The biggest GOP objection to TPP is that it doesn’t protect the drug industry enough, according to this NY Times article:
With 12 nations pressing to conclude the largest regional trade accord ever, United States officials find themselves squeezed between activists pressing to secure access to low-cost pharmaceuticals and Republicans who say Congress will reject a deal without strong patent protections for the drug industry.
Click to read full article: Patent Protection for Drugs Puts Pressure on U.S. in Trade Talks.
There is widespread criticism of Malaysia for human trafficking, yet the country is getting an upgrade due to TPP negotiations. Here are several relevant articles.
Politico reports on the complexity of the TPP negotiations and how industries in various countries could upend them. Here’s an excerpt from “Rice, milk and cars among the stumbling blocks in historic trade pact:”
“The administration has indicated they want to wrap up negotiations in this round,” Rep. Rosa DeLauro, a staunch opponent of the agreement, told reporters. “My colleagues and I are here to say that is altogether too fast a schedule. … The agreement itself is riddled with problems. Congress, industry, advocates still have enormous concerns which the administration has done little or nothing to resolve.”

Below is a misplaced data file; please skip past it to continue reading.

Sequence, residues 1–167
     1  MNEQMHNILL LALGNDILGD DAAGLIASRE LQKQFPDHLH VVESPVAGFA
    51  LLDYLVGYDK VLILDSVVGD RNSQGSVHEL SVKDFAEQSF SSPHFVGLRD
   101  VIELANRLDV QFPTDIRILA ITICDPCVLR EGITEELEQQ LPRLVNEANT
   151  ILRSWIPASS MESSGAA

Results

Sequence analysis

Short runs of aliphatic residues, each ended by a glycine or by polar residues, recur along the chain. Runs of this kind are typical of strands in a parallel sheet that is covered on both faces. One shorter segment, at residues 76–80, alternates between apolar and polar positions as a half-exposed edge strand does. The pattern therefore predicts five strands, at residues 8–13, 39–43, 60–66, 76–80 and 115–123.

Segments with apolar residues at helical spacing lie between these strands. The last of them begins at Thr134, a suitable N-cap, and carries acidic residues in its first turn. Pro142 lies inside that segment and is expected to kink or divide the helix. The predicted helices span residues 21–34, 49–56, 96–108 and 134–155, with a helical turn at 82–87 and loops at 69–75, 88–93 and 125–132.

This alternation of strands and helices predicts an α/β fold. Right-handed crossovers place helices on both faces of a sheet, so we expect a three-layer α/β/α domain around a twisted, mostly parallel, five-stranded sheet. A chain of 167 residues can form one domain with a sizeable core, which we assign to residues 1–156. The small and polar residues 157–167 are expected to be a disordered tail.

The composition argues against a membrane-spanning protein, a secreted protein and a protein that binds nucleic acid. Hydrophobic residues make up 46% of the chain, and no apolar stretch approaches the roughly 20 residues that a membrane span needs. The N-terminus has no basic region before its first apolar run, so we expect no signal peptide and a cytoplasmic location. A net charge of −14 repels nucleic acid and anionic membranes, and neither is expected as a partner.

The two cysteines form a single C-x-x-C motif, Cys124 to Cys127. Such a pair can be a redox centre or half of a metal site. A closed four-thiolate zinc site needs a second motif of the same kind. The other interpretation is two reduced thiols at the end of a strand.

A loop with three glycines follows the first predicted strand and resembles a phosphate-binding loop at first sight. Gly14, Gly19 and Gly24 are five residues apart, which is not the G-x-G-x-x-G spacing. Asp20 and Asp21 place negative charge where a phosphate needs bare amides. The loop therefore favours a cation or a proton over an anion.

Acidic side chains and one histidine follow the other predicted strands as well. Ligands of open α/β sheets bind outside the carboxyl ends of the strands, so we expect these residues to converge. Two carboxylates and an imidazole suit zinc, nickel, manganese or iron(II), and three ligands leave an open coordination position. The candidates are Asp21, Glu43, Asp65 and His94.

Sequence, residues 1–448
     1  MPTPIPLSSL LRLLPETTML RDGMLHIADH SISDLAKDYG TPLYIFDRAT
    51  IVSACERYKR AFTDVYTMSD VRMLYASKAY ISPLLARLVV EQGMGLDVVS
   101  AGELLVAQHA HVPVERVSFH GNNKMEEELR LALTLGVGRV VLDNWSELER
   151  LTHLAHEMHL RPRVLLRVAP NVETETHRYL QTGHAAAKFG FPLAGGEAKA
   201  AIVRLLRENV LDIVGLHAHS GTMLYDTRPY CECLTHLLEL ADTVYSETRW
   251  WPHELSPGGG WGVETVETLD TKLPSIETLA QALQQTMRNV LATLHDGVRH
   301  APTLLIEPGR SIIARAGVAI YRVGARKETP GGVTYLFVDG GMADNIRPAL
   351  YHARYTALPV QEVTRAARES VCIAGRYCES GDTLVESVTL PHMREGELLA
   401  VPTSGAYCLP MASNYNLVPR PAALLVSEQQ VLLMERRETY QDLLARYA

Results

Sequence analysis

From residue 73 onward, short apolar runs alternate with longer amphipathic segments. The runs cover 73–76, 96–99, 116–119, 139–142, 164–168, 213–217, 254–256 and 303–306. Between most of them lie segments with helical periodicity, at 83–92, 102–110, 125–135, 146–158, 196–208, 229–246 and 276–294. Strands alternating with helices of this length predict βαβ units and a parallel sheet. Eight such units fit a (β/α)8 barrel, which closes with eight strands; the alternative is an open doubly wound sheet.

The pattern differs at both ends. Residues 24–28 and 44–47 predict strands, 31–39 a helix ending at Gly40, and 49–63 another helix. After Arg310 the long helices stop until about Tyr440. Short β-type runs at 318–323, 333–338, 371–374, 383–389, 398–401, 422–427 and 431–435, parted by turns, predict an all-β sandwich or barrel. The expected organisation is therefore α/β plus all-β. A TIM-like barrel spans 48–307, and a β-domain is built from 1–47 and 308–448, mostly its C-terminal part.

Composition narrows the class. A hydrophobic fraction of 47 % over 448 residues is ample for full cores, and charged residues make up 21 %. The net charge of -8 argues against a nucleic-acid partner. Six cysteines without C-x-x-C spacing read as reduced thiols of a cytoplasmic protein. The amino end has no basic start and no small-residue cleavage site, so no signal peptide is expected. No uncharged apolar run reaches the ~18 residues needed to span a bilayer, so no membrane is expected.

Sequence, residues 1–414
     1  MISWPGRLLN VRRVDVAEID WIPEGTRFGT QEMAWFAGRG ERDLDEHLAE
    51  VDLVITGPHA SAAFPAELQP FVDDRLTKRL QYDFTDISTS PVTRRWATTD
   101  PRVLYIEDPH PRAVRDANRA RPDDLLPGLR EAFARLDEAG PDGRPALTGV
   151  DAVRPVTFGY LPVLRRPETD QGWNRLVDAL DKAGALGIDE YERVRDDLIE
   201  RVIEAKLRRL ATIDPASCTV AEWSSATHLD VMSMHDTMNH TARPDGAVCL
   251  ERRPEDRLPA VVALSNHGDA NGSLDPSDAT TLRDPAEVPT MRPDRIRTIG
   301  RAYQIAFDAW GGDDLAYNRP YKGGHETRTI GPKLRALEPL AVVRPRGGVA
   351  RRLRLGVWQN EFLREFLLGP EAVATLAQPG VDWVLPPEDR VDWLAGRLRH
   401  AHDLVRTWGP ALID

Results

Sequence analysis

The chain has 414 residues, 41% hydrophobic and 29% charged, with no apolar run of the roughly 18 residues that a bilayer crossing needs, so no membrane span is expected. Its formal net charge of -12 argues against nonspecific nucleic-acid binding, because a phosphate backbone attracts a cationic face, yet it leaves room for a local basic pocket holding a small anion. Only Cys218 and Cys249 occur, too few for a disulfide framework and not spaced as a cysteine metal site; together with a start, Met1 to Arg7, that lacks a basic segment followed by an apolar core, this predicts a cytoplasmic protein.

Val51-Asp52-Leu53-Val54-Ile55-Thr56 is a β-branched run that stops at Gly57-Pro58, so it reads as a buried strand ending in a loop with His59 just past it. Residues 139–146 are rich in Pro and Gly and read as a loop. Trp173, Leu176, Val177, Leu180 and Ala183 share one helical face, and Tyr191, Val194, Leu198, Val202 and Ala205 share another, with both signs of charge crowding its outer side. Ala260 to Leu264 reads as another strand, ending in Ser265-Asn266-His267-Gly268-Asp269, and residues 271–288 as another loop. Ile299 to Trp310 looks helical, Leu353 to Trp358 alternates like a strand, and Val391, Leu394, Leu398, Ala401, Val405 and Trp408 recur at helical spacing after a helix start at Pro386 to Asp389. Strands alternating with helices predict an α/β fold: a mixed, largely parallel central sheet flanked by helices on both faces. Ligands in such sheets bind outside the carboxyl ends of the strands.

Timelines built into the new trade promotion authority law require Obama to give Congress 90 days’ notice before signing any trade deal and to make the agreement public 60 days before signing. So the transpacific pact must be completed soon for Congress to vote on it before Christmas, the administration’s best-case scenario.
Still, U.S. trade officials have never closed a deal quite as complex as the TPP, which aims to establish the rules of trade for the 21st century and anchor the United States securely in the fastest-growing economic region of the world rather than cede it to an ever-more-dominant China.
“It’s going to be some of the most interesting negotiations in diplomatic history,” said John Corrigan, who tracks the talks for the U.S.-ASEAN Business Council, a group of companies active in the Southeast Asia region. “Certainly the most important trade deal in global commercial history, the most complex and the most forward-looking.
Joseph Stiglitz published On the Wrong Side of Globalization in March 2015:
Trade agreements are a subject that can cause the eyes to glaze over, but we should all be paying attention. Right now, there are trade proposals in the works that threaten to put most Americans on the wrong side of globalization.
Read the full article here.
If you think Citizens United took power away from individuals, then you’ll be shocked to read about ISDS. Meet the “obscure but increasingly powerful field of international law — where foreign investors can sue governments in a network of tribunals for billions of dollars.”